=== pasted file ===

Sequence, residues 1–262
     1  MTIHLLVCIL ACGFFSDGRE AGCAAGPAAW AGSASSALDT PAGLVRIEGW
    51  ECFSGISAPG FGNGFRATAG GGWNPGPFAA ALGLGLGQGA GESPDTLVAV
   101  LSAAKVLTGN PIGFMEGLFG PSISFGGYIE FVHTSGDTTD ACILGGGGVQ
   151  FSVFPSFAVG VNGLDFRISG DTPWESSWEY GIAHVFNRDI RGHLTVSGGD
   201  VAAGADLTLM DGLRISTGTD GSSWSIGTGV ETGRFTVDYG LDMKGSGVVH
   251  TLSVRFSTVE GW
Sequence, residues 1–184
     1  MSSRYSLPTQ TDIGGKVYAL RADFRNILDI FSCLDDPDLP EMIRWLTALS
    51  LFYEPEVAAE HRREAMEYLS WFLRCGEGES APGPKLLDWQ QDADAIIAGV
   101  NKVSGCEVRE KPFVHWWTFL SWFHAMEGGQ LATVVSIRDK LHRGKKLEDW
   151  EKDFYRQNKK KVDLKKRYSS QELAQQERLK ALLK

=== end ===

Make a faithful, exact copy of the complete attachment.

Sequence, residues 1–262
     1  MTIHLLVCIL ACGFFSDGRE AGCAAGPAAW AGSASSALDT PAGLVRIEGW
    51  ECFSGISAPG FGNGFRATAG GGWNPGPFAA ALGLGLGQGA GESPDTLVAV
   101  LSAAKVLTGN PIGFMEGLFG PSISFGGYIE FVHTSGDTTD ACILGGGGVQ
   151  FSVFPSFAVG VNGLDFRISG DTPWESSWEY GIAHVFNRDI RGHLTVSGGD
   201  VAAGADLTLM DGLRISTGTD GSSWSIGTGV ETGRFTVDYG LDMKGSGVVH
   251  TLSVRFSTVE GW
Sequence, residues 1–184
     1  MSSRYSLPTQ TDIGGKVYAL RADFRNILDI FSCLDDPDLP EMIRWLTALS
    51  LFYEPEVAAE HRREAMEYLS WFLRCGEGES APGPKLLDWQ QDADAIIAGV
   101  NKVSGCEVRE KPFVHWWTFL SWFHAMEGGQ LATVVSIRDK LHRGKKLEDW
   151  EKDFYRQNKK KVDLKKRYSS QELAQQERLK ALLK